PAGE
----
1. Thus it is clear from the aforesaid judgment that the guidelines laid down for the Magistrate for enlarging an accused on bail also applies to the Sessions Court as well as to the High Court in matters of enlargement of an accused on bail. However, so far as cancellation of bail is concerned the same stands on different footing altogether. It has been held by the Apex Court that granting of bail is one thing and cancellation thereof is quite another. Supreme Court in Dolat Ram and Ors. v. State of Haryana in paragraph 4 thereof has observed thus;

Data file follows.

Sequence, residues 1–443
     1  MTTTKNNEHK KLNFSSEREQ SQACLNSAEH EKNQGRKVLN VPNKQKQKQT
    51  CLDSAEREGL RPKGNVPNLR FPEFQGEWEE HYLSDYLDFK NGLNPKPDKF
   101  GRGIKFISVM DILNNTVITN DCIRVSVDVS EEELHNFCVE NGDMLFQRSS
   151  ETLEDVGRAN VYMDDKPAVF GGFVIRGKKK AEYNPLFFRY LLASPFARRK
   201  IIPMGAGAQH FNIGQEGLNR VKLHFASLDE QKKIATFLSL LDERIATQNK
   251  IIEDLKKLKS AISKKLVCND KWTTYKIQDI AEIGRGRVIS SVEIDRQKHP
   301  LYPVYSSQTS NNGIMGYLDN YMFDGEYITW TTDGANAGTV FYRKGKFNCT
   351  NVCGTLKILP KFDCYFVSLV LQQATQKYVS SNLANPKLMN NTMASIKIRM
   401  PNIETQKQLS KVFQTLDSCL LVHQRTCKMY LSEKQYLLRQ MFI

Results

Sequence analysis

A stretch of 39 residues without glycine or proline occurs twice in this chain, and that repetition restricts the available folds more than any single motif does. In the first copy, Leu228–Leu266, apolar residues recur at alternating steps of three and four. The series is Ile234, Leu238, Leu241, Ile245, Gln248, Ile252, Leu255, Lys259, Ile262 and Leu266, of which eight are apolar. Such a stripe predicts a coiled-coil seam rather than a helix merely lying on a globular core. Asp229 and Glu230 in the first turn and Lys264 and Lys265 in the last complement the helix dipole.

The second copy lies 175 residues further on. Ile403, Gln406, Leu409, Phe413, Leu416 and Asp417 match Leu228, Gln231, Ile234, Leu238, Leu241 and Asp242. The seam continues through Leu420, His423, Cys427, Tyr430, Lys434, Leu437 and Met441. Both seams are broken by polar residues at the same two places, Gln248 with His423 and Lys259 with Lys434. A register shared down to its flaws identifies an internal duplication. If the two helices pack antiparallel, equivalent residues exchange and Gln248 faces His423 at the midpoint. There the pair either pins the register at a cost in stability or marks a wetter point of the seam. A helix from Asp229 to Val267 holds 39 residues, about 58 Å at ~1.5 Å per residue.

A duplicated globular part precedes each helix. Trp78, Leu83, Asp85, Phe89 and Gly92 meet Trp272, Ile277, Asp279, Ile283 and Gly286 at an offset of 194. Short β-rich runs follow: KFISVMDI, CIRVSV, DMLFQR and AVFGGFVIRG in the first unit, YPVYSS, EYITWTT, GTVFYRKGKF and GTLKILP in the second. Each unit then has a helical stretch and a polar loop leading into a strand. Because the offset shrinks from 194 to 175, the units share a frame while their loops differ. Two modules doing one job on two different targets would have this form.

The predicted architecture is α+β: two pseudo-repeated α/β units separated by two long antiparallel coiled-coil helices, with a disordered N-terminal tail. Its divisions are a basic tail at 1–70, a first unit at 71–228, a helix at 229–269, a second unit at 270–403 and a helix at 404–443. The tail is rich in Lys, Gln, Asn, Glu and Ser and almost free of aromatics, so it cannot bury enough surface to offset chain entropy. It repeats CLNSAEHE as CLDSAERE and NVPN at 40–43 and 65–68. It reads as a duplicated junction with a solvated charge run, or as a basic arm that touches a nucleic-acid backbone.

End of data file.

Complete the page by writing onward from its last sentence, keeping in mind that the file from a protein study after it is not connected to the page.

Rejection of bail in a non-bailable case at the initial stage and the cancellation of bail so granted, have to be considered and dealt with on different basis. Very cogent and overwhelming circumstances are necessary for an order directing the cancellation to the bail, already granted Generally speaking, the grounds for cancellation of bail, broadly (illustrative and not exhaustive) are: interference or attempt to interfere with the due course of administration of justice or evasion or attempt to evade the due course of justice or abuse of the concession granted to the accused in any manner. The satisfaction of the court, on the basis of material placed on the record of the possibility of the accused absconding is yet another reason justifying the cancellation of bail. However, bail once granted should not be cancelled in a mechanical manner without considering whether any supervening circumstances have rendered fit no longer conducive to a fair trial to allow the accused to retain his freedom by enjoying the concession of bail during the trial These principles, it appears, were lost sight of by the High Court when it decided to cancel the bail, already granted The High Court it appears to us overlooked the distinction of the factors relevant for rejecting bail in a nonbailable case in the first instance and the cancellation of bail already granted.